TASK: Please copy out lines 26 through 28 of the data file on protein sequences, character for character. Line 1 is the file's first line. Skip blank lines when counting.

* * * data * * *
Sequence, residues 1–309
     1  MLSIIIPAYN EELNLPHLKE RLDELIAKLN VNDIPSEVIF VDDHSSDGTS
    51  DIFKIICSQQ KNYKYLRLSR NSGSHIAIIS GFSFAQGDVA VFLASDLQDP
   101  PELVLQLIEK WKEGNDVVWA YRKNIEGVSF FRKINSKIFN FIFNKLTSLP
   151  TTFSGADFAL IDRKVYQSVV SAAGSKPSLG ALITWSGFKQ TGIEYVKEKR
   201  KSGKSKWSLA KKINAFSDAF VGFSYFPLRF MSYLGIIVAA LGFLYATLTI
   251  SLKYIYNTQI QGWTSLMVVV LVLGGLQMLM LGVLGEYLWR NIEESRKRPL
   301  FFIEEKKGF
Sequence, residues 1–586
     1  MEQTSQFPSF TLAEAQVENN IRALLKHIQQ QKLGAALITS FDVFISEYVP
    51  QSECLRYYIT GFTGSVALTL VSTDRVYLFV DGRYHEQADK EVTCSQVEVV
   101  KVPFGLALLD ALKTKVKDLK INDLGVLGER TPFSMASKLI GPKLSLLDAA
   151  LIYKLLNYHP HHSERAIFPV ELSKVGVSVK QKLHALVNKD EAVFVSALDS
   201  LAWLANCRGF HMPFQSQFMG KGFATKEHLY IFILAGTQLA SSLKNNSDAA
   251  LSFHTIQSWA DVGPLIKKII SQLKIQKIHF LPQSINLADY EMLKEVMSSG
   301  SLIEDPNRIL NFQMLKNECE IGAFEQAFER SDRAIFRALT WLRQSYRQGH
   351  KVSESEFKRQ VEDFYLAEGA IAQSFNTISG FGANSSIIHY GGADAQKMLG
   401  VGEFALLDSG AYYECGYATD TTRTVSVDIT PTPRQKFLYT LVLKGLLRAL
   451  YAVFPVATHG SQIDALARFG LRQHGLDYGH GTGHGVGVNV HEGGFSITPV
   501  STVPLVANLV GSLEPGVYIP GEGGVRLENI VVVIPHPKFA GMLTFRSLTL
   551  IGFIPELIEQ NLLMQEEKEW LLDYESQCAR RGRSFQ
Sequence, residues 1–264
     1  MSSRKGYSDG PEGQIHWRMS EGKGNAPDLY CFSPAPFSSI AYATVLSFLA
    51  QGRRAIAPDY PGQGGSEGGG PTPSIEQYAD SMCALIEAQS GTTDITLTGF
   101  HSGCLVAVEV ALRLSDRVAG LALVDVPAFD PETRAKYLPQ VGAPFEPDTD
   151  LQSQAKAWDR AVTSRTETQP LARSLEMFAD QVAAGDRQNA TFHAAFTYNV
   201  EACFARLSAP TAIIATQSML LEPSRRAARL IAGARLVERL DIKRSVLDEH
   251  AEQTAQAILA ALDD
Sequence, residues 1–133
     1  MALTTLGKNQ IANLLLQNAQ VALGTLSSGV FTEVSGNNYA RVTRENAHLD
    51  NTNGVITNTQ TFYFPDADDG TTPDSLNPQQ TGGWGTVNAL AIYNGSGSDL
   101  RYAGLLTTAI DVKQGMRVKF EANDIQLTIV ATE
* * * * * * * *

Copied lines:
   151  LQSQAKAWDR AVTSRTETQP LARSLEMFAD QVAAGDRQNA TFHAAFTYNV
   201  EACFARLSAP TAIIATQSML LEPSRRAARL IAGARLVERL DIKRSVLDEH
   251  AEQTAQAILA ALDD